China Fighters and Bombers Return to Skies Around Taiwan: Defense Ministry

A fleet of 24 Chinese warplanes—including 18 fighter jets and two nuclear-capable bombers—violated Taiwan's air defense identification zone (ADIZ) on Thursday, the island's Defense Ministry said, hours after officials in Taipei confirmed they had applied to join a coveted trade bloc.

The latest incursions by People's Liberation Army aircraft bring the total warplane sorties to 502 this year, according to publicly available data released by Taiwan's Ministry of National Defense. The country's defense officials estimated there were around 380 ADIZ violations in 2020.

ADIZs are self-declared and extend beyond a country's territory into international airspace. The zones—also declared by neighboring China, Japan and South Korea—are used to request advanced identification of foreign civil and military aircraft, but the practice is not regulated by international law.

Taiwan's air force tasked combat air patrols, issued radio warnings and deployed air defense missile systems, the ministry said in separate reports logging activity on Thursday morning and afternoon local time in the Bashi Channel, at the mouth of the South China Sea.

China Warplanes Swarm Taiwan ADIZ
This illustration released by Taiwan's Defense Ministry marks the flight paths of 19 Chinese military aircraft that it said intruded into Taiwan's air defense identification zone on September 23, 2021. Taiwan Ministry of National Defense

China claims Taiwan as part of its territory and has vowed to "unify" it, by force if necessary. U.S. military officials have warned that a looming Chinese invasion of the democratic island could occur this decade or is at least much closer than most believe.

However, analysts in Taipei say Beijing frequently uses its military to send political signals, deploying warplanes and warships to express the Chinese leadership's opposition to diplomatic developments related to Taiwan. The pattern of military coercion emerges whenever Taiwanese officials try to rally international support, and when allies like the U.S. publicly back Taipei's efforts.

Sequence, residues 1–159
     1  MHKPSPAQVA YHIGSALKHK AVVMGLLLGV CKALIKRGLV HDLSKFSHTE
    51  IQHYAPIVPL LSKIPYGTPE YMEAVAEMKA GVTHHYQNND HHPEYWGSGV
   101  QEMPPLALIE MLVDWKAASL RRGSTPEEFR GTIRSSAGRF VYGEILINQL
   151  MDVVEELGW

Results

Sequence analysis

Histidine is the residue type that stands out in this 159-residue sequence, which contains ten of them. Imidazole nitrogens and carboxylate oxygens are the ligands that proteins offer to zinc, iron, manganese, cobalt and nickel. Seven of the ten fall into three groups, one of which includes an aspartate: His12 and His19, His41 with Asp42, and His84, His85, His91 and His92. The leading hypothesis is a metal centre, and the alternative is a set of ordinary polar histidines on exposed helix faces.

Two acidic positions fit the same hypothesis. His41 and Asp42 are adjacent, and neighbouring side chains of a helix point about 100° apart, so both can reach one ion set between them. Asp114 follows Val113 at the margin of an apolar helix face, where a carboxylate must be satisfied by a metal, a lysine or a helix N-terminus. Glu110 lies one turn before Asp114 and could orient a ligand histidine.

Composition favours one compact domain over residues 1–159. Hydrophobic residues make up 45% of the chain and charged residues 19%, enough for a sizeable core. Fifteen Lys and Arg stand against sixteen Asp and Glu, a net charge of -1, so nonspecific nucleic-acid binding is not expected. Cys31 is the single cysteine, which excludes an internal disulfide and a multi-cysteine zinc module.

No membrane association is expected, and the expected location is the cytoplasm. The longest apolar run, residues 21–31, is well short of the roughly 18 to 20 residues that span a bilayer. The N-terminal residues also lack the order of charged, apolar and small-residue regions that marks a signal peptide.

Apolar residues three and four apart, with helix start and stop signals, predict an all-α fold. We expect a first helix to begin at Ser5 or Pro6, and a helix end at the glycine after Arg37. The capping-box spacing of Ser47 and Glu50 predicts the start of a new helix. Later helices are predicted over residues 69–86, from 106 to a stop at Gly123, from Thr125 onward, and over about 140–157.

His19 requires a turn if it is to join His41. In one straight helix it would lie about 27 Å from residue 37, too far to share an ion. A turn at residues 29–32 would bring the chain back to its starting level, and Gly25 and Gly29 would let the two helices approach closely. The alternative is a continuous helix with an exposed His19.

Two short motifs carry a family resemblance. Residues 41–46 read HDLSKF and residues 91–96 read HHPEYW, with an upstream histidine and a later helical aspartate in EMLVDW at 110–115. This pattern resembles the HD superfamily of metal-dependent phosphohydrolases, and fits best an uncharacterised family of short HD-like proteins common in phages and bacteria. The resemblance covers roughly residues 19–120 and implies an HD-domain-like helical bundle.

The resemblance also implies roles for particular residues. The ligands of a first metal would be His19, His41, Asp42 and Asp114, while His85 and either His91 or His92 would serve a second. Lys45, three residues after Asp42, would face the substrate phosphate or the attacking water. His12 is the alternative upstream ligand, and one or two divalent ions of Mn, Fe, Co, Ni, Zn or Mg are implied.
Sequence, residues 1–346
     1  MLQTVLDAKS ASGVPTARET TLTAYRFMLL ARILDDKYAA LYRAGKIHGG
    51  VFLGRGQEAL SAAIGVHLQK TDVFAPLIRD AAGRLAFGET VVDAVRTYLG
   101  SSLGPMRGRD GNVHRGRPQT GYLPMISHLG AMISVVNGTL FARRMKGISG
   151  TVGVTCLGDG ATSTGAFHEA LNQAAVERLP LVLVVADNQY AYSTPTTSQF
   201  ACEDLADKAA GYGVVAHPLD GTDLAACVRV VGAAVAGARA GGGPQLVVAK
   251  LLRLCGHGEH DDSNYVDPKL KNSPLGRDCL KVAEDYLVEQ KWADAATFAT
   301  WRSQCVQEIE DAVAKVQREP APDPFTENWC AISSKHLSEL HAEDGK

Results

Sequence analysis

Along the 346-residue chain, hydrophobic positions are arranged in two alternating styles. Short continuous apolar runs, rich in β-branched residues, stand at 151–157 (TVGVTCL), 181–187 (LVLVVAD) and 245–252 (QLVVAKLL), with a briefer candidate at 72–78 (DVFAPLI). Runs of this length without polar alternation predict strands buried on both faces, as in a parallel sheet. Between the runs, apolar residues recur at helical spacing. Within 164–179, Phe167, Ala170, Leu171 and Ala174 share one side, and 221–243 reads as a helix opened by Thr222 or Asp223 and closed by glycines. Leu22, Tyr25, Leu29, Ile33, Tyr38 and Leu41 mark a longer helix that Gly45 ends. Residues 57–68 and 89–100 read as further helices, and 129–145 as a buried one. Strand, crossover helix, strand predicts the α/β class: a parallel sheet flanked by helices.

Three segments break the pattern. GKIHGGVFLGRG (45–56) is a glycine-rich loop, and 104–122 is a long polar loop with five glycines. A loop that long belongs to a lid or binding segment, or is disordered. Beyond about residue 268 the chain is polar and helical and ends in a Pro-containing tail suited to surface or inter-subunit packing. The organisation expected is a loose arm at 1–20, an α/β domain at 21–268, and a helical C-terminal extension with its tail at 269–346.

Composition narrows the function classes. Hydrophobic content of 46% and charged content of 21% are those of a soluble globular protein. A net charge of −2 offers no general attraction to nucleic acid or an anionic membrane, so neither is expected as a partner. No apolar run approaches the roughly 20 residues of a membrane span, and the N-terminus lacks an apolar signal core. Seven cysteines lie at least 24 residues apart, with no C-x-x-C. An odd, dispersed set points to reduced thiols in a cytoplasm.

As the Chinese military aircraft buzzed the island's air defenses, officials in Taipei held a press conference to confirm that Taiwan had requested formal accession to the Comprehensive and Progressive Agreement for Trans-Pacific Partnership on Wednesday, just days after Beijing submitted its own CPTPP application.

The trade pact has potential strategic significance for both Taiwan and China. For the former, it is a chance to further reduce its trade dependence on the mainland Chinese market. The latter, meanwhile, may see an opportunity to stifle such an effort while increasing its own economic influence.

John Deng, Taiwan's chief trade negotiator, told reporters on Thursday that the administration of Taiwanese President Tsai Ing-wen had been working on CPTPP accession for several years. Her government has already made the necessary legal and regulatory preparations, he said.

Japan—in its role of this year's rotating chair—has pledged support for Taiwan, which has existing free-trade agreements with CPTPP member states Singapore and New Zealand.

Taipei faces an uphill struggle, with China voicing opposition to Taiwan's participation on Thursday.

Asked about the timing of Taiwan's application, Deng told reporters that it was not linked to Beijing's submission last week. China "will have had its own considerations," he said.

Acknowledging potential diplomatic challenges in the application process, Deng added: "China has always obstructed Taiwan's international space—everybody can see that. If China joins first, Taiwan's application will, of course, face considerable risks. This is a fairly obvious fact."

Deng also talked up Taiwan's relative readiness to join the trade pact. "It is our view that CPTPP relates to each country's system, level of openness and willingness to comply with the contents of agreements."

Taiwan and China are "two different systems," he said. "We are a full market economy; China is... I think we all know the situation."

Deng said Taiwan's application is as the Separate Customs Territory of Taiwan, Penghu, Kinmen and Matsu—the same designation it uses at the World Trade Organization and for its other trade deals.

China Warplanes Swarm Taiwan ADIZ
A U.S.-made F-16V fighter jet takes off from a highway in Pingtung, Taiwan, during the annual Han Kuang military drills on September 15, 2021. SAM YEH/AFP via Getty Images